Beth Anderson (composer)

From Wikipedia, the free encyclopedia
Jump to navigation Jump to search

Beth Anderson is an American neo-romantic composer. She studied with John Cage, Terry Riley, Robert Ashley, and Larry Austin, among others. She studied at the University of Kentucky, UC Davis, New York University and Mills College.[1][2][3][4]

Anderson is best known in her field for her swales, a musical form she invented based on collages and samples of newly composed music rather than existing music. She told a reporter for The New York Times in 1995 she named the form based on this definition of the word: "A swale is a meadow or marsh where a lot of wild things go together."[5]

Biography[edit]

Early life[edit]

Anderson was born in Lexington, Kentucky in 1950 and grew up in Mt. Sterling, Kentucky. Her parents, Marjorie and Sidney Anderson, encouraged her to pursue music. She began playing the piano as a child and began composing shortly after. At age 14 she began studying piano with composer Helen Libscomb. Liscomb taught Anderson the rules of counterpoint, enabling her to compose simplistic traditional music. During her last two years of high school she began to compose serial music, learning from books on the topic.[6]

Education[edit]

Anderson attended the University of Kentucky after graduating from high school. After two years there she transferred to the University of California at Davis. After completing her undergraduate degree she received her Master of Fine Arts Degree in Piano Performance. Shortly before completing that degree, her piece Peachy Keen-O was performed at Mills College. Bob Ashley, director of the Mills College Center for Contemporary Music, upon hearing the performance, urged her to stay there and study. She completed her M.A. in Composition there.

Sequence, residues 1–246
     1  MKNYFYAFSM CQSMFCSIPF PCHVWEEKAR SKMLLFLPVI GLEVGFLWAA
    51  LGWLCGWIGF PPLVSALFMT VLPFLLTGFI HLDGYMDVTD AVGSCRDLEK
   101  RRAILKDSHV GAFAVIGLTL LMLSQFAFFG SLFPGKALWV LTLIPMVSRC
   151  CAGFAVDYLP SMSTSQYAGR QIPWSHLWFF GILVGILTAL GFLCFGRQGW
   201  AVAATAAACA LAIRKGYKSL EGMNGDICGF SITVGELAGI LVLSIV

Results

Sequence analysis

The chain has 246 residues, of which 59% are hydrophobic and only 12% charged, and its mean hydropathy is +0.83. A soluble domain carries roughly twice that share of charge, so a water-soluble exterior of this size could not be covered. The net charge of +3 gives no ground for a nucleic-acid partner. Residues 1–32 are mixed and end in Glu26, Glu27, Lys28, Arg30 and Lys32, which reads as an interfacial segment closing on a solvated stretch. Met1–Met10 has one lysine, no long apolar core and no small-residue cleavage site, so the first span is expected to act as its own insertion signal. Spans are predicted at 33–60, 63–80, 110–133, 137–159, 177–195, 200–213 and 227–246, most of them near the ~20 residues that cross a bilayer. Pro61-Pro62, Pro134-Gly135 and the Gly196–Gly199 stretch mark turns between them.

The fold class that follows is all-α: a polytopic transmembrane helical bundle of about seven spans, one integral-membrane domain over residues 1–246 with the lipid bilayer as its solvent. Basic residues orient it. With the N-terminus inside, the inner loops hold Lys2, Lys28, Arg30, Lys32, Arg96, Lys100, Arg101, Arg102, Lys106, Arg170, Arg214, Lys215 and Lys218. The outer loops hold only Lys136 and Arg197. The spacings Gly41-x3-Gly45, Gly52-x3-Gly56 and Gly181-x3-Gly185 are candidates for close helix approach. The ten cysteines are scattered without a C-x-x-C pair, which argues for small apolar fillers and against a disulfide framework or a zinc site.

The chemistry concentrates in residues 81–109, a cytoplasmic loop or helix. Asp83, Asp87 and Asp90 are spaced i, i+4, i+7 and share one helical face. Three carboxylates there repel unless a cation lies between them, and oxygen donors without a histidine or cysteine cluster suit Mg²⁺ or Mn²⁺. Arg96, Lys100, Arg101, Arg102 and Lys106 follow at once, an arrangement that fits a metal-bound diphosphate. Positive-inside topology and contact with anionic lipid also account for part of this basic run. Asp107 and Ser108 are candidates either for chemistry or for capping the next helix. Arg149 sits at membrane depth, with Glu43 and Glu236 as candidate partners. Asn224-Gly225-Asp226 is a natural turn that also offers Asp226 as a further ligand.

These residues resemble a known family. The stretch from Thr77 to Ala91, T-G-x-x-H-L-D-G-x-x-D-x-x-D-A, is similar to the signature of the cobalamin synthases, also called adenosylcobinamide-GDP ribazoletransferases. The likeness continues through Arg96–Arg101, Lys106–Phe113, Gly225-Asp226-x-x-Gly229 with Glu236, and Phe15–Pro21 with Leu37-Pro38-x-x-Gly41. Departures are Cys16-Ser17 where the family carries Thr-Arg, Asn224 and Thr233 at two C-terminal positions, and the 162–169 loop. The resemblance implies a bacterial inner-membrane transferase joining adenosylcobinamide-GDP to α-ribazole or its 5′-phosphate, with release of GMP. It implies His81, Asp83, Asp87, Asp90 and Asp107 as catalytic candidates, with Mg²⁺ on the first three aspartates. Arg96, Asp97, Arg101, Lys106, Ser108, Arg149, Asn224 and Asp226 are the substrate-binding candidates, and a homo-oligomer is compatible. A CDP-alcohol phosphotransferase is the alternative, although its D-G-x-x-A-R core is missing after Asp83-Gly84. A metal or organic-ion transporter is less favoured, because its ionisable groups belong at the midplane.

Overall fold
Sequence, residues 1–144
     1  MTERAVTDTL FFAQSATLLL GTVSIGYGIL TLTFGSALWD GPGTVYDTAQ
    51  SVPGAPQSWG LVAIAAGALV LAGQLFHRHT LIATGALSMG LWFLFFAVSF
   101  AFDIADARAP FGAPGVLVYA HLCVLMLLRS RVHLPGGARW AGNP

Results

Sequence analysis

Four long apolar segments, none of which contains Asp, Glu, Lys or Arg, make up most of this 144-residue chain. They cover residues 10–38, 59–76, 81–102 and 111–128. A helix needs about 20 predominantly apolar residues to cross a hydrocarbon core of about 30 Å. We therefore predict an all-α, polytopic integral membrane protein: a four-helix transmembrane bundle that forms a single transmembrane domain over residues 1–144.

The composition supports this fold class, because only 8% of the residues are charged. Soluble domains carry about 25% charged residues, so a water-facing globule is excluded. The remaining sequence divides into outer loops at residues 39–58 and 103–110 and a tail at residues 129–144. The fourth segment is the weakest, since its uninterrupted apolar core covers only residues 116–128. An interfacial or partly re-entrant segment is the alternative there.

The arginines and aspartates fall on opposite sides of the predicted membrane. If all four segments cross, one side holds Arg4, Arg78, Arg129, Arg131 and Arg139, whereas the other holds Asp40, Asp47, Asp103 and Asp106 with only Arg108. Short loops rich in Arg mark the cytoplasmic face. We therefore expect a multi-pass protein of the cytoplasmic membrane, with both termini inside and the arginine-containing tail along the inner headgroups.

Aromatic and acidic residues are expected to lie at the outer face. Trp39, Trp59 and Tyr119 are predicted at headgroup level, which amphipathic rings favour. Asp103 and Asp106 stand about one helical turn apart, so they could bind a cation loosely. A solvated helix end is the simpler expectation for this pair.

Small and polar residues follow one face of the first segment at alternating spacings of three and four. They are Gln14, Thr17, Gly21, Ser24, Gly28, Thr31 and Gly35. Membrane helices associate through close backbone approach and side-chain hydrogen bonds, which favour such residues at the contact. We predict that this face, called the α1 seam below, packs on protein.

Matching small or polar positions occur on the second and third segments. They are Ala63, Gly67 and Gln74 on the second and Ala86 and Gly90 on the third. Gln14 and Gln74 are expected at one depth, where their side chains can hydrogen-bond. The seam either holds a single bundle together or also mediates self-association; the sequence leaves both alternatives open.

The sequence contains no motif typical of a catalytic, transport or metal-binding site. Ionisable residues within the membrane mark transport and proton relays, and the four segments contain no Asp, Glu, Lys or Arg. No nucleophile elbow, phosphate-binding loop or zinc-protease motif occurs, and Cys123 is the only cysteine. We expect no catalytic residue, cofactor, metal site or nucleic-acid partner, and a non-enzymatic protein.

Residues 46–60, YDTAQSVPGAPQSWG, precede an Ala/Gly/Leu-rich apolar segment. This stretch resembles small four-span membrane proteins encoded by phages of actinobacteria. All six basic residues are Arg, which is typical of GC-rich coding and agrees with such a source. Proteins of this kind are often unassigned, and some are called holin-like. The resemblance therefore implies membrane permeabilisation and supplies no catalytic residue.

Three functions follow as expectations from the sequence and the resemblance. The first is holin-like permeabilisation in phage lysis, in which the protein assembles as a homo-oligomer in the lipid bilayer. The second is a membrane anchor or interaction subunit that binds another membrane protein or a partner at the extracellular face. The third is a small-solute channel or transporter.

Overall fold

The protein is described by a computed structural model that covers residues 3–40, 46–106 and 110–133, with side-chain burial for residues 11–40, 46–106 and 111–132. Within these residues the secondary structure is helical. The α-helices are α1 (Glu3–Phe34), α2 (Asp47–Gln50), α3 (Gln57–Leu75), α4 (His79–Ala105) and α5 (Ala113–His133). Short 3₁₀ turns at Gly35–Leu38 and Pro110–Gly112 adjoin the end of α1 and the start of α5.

Later life[edit]

In California, Anderson became known as one of the prominent "avant-garde feminist composers, critics, and poets." [6] She married the computer book author Elliotte Rusty Harold on July 28, 1995, one year after they met at a potluck dinner held by the New York Macintosh Users Group. A 1995 The New York Times feature story on Harold's wedding called her both old-fashioned and conventional and observed, "She giggles often, as lightly as wind chimes. And yet she listens to the band Megadeth when cleaning her apartment."[5]

Discography[edit]

  • Feminae in Musica (Feminae Records, 2007)
    • Tale One
    • Tale Three
    • Belgian Tango
      • Performed by: Aleksandra Maslovaric (violin), Tania Fleischer (piano)
      • Available: [1]

References[edit]

  1. ^ Hitchcock, H. Wiley and Stanley Sadie The New Grove Dictionary of American Music. (New York: MacMillan, 1986) Vol. 1, p. 46
  2. ^ "Beth Anderson, Composer". beand.com. Retrieved 15 September 2013.
  3. ^ "Beth Anderson". jamesart.com. Retrieved 15 September 2013.
  4. ^ "Beth Anderson". newyorkwomencomposer.org. Retrieved 15 September 2013.
  5. ^ a b Lois Smith Brady (August 6, 1995). "Weddings: Vows; Beth Anderson and Rusty Harold". The New York Times. Retrieved October 27, 2014.
  6. ^ a b 1931-, LePage, Jane Weiner (1980–1988). Women composers, conductors, and musicians of the twentieth century : selected biographies. Metuchen, N.J.: Scarecrow Press. ISBN 0810812983. OCLC 6087371.CS1 maint: date format (link)

External links[edit]

Listening[edit]